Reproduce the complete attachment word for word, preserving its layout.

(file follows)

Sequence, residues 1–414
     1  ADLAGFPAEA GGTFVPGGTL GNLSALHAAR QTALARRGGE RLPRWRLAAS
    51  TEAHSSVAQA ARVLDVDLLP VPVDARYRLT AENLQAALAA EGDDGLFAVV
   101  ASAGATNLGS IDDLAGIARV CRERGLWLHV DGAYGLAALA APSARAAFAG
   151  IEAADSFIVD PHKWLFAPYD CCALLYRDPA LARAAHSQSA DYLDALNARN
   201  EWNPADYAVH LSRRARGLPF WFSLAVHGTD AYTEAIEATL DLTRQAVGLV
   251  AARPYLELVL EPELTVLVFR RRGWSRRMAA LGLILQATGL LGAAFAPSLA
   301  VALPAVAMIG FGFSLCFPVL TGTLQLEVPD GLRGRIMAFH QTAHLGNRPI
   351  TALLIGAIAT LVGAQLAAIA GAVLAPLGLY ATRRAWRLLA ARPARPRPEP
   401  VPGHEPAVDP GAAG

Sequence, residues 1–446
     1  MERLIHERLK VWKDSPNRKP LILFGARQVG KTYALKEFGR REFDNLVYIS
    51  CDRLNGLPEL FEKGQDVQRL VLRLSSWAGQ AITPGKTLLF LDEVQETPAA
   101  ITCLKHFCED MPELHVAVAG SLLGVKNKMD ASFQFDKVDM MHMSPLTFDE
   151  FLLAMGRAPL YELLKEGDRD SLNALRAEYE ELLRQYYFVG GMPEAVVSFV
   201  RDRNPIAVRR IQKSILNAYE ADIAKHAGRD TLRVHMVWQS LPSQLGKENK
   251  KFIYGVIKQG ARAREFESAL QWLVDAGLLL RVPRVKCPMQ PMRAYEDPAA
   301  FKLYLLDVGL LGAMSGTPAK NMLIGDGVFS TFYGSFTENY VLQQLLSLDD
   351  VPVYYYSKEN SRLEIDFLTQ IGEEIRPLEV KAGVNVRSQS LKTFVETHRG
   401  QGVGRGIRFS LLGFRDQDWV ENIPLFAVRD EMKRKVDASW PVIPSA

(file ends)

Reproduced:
Sequence, residues 1–414
     1  ADLAGFPAEA GGTFVPGGTL GNLSALHAAR QTALARRGGE RLPRWRLAAS
    51  TEAHSSVAQA ARVLDVDLLP VPVDARYRLT AENLQAALAA EGDDGLFAVV
   101  ASAGATNLGS IDDLAGIARV CRERGLWLHV DGAYGLAALA APSARAAFAG
   151  IEAADSFIVD PHKWLFAPYD CCALLYRDPA LARAAHSQSA DYLDALNARN
   201  EWNPADYAVH LSRRARGLPF WFSLAVHGTD AYTEAIEATL DLTRQAVGLV
   251  AARPYLELVL EPELTVLVFR RRGWSRRMAA LGLILQATGL LGAAFAPSLA
   301  VALPAVAMIG FGFSLCFPVL TGTLQLEVPD GLRGRIMAFH QTAHLGNRPI
   351  TALLIGAIAT LVGAQLAAIA GAVLAPLGLY ATRRAWRLLA ARPARPRPEP
   401  VPGHEPAVDP GAAG

Sequence, residues 1–446
     1  MERLIHERLK VWKDSPNRKP LILFGARQVG KTYALKEFGR REFDNLVYIS
    51  CDRLNGLPEL FEKGQDVQRL VLRLSSWAGQ AITPGKTLLF LDEVQETPAA
   101  ITCLKHFCED MPELHVAVAG SLLGVKNKMD ASFQFDKVDM MHMSPLTFDE
   151  FLLAMGRAPL YELLKEGDRD SLNALRAEYE ELLRQYYFVG GMPEAVVSFV
   201  RDRNPIAVRR IQKSILNAYE ADIAKHAGRD TLRVHMVWQS LPSQLGKENK
   251  KFIYGVIKQG ARAREFESAL QWLVDAGLLL RVPRVKCPMQ PMRAYEDPAA
   301  FKLYLLDVGL LGAMSGTPAK NMLIGDGVFS TFYGSFTENY VLQQLLSLDD
   351  VPVYYYSKEN SRLEIDFLTQ IGEEIRPLEV KAGVNVRSQS LKTFVETHRG
   401  QGVGRGIRFS LLGFRDQDWV ENIPLFAVRD EMKRKVDASW PVIPSA